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Moments with a Motorcycle Girl is a poem in five stages. It was inspired by watching a woman I didn’t know who was posing with her motorcycle. In the first glance, I saw one thing. With a longer look, I saw something else. And ultimately most of what we see in strangers is really an observation on ourselves. I. Exquisite contrast of shadows and sparkles Feathered patterns cascade gently Silver shimmers in small subtleties Her secrets emanate from translucent skin A solid stare penetrates from glinting eyes Stunning how hardened against soft flesh she can be Wearing almost nothing Sheathed in armor It takes years to learn her level of self-protection And years more to deconstruct down to The core self II. Practiced pose Perfectly flawed Silent stare Firmed thighs Loose top One hand clasped Slim skin of neck Cupped elbow Each stance a form of self-defense An open eyed look but a closed persona Metal in nose Studs on boots She is not soft enough to be vulnerable Except when she is too soft Wisp of bangs Plastered down She would refuse to be bound Refuse to be held III. Hands hidden in shadows Holding a steady grip on the seat A too-cute motorcycle betrays her reality Seeming so innocent in its fun Shiny paint, silly shape It pretends that you need no protection She poses there easily Stands in a swimsuit Assumes the position Pretends there is no threat here But she has studded boots meant for kicking And a simple lack of a smile That reminds the onlooker that There is always something to fear A menace exists in every room An accident is always waiting to happen Her innocent curves appeal But can kill at 60mph Destroying self and others She is pink and cute, metallic and hard Only the final crash is honest IV. She is cerulean silver Waves against a glittering sky Meteor shower extending into morning Kiss of metal against dying lips Hardened glint behind liquid eyes Flower against speckled graffiti And peaches tattooed on a breast She is the key to unlocking me The details are all that matter She is cool warmth, cold humanity Frolicking fun against a serious stench Lithe frame against a gymnast’s rigor She is the essence of minerals The slice of diamond against silk The perfection of all contradictions She is me, myself, eye …. V. A transformation is possible A simple change in style The reveal of so many subtleties Thighs softened Knees turned inwards Suddenly a hard shell gives way to genuine softness A split opens the door for femininity This is no one eighty, no three sixty Self-protection remains but in a new format It is shaded, gilded, easier What emerges is sadness A profound sense of loss, of grief But of security A gaze reveals minutia in her details What appeared to be playful mess is pensiveness We each contain this soft intensity The quiet desperation of limited accessibility The unguarded depression of walls dropping Solace only in choosing when they drop Instead of letting them cave in around us Choosing our own transformations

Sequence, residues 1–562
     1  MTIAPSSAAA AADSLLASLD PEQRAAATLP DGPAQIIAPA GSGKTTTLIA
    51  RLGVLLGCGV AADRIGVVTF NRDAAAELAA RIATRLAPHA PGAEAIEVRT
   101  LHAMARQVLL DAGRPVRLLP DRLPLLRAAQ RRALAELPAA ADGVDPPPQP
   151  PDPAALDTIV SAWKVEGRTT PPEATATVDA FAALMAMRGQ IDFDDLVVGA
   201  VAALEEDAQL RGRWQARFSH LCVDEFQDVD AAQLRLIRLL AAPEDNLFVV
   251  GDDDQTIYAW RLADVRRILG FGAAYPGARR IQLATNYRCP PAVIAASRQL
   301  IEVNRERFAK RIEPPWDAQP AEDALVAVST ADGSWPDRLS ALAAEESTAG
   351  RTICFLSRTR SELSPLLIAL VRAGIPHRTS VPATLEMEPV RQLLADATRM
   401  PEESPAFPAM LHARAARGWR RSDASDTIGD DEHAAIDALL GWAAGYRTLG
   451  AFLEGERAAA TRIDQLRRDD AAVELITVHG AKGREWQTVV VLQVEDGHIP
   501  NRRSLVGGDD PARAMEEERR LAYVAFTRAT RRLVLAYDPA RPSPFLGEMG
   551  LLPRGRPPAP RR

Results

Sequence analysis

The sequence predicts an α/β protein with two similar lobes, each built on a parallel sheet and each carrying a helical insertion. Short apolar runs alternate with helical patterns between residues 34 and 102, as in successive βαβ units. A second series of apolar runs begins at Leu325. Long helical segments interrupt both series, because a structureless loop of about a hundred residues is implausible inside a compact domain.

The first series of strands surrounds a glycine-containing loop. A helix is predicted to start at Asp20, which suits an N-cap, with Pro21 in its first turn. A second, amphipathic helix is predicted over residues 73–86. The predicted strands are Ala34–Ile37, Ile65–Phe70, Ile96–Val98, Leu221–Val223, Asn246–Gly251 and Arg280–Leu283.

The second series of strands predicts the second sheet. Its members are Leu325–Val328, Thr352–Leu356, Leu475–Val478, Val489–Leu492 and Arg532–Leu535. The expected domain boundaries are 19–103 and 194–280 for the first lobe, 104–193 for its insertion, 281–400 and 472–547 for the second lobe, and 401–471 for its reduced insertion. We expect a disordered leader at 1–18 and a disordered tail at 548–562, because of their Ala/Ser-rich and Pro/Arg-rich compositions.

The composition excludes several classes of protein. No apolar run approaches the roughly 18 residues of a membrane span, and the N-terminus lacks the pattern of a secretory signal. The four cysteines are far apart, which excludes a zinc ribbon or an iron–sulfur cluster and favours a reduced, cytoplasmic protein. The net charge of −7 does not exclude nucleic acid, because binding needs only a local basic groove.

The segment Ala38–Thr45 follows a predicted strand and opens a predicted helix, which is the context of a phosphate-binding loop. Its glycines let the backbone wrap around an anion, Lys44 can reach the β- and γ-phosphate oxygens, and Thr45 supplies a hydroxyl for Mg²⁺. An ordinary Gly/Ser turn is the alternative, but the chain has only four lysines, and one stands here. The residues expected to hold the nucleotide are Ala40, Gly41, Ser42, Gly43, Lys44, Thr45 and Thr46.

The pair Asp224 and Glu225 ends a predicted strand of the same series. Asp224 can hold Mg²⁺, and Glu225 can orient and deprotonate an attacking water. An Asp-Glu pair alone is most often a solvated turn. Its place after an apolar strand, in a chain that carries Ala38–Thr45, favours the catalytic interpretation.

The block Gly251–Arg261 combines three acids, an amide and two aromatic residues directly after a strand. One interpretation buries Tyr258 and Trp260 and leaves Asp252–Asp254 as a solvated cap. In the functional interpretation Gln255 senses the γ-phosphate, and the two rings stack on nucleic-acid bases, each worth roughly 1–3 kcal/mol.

Contributed by Kathryn Vercillo
Poetry must expose your darkest sins and secrets. Keep nothing in your heart or mind out of what you write. It is the raw emotions and passions that truly create your story. You can start with one thought or a rhyme, but as you lose yourself you realize that it is not the rhyming that truly forms the poem but your thoughts and feelings intertwining to create a work of art that is sometimes to complicated to understand or too blunt and to the point to completely register in your mind. Poetry just is.
Contributed by Danielle Tyler Vingoe
The Suicide Kid by Charles Bukowski I went to the worst of bars hoping to get killed. But all I could do was to get drunk again. Worse, the bar patrons even ended up liking me. There I was trying to get pushed over the dark edge and I ended up with free drinks while somewhere else some poor son-of-a-bitch was in a hospital bed, tubes sticking out all over him as he fought like hell to live. Nobody would help me die as the drinks kept coming, as the next day waited for me with its steel clamps, its stinking anonymity, its incogitant attitude. Death doesn't always come running when you call it, not even if you call it from a shining castle or from an ocean liner or from the best bar on earth (or the worst). Such impertinence only makes the gods hesitate and delay. Ask me: I'm 72.
Contributed by Keri Potter